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Live Aid: The Complicated History of the World's Biggest Charity Concert

Bob Geldof organized the charity single "Do They Know It's Christmas" in 1984 to raise money for famine relief in Ethiopia. It raised more than $28 million, but it wasn't enough, so he decided to go bigger the next summer with an all-star concert. Thirty-five years later, Live Aid is still considered to be the biggest music event ever, featuring 50 of the music industry's biggest stars on two continents. It wasn't easy to pull off.

“He had to call Elton and say 'Queen are in and Bowie's in,' and of course they weren't,” production manager Andy Zweck told The Guardian of Geldof’s tactics. “Then he’d call Bowie and say 'Elton and Queen are in.' It was a game of bluff.”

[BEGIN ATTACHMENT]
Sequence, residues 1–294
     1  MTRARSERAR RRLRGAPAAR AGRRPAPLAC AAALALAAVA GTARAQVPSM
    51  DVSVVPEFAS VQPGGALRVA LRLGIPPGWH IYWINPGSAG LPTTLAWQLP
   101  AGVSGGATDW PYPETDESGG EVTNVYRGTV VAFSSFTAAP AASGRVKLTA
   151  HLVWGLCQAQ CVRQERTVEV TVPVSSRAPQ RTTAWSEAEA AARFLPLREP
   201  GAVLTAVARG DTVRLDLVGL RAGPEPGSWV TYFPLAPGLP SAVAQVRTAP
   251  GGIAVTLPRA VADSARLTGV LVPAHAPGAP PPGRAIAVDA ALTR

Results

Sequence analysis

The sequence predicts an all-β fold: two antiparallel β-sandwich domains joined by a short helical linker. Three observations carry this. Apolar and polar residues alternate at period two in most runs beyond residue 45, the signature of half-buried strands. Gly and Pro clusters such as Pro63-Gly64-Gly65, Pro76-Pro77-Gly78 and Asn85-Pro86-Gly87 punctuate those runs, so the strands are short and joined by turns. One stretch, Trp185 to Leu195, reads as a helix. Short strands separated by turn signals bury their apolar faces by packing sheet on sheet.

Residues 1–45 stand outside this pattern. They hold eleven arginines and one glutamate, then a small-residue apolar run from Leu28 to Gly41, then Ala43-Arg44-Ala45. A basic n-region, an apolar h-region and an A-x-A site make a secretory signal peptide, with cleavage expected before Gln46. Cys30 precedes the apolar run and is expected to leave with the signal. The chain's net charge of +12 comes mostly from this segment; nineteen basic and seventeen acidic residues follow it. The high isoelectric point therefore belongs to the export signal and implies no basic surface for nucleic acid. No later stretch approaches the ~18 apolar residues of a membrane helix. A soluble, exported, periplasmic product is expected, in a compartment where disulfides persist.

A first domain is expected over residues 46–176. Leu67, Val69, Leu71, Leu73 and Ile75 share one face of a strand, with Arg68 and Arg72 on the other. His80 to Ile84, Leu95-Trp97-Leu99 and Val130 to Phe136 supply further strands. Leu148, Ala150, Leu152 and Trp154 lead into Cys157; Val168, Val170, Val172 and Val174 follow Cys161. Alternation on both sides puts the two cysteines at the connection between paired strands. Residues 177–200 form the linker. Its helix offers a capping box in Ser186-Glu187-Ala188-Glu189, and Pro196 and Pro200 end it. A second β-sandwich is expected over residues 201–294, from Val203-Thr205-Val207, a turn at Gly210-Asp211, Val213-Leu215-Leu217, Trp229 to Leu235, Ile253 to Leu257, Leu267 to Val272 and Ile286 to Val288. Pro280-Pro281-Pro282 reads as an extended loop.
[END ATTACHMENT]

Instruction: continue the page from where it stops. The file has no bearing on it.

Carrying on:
With the help of producer Michael C. Mitchell, Live Aid sold broadcast rights to 150 countries, at least 22 of which aired telethons. Both MTV and ABC carried the feed in the United States, the latter in the form of a primetime special hosted by Dick Clark. All told, Live Aid raised approximately $140 million.

Read about the production of Live Aid, some of its unique stories, and its lasting legacy at Mental Floss.


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I remember we had that song at the radio station when I happened to be manning the DJ booth. The idea was all stations that could play the tune at 11 AM Eastern time. I did.
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